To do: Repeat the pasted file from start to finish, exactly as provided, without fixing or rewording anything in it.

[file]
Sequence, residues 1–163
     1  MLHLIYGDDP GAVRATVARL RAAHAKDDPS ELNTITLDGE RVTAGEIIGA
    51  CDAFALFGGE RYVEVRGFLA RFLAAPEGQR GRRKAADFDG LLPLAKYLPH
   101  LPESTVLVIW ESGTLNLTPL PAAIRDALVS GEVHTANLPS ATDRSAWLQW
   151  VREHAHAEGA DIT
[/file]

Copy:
Sequence, residues 1–163
     1  MLHLIYGDDP GAVRATVARL RAAHAKDDPS ELNTITLDGE RVTAGEIIGA
    51  CDAFALFGGE RYVEVRGFLA RFLAAPEGQR GRRKAADFDG LLPLAKYLPH
   101  LPESTVLVIW ESGTLNLTPL PAAIRDALVS GEVHTANLPS ATDRSAWLQW
   151  VREHAHAEGA DIT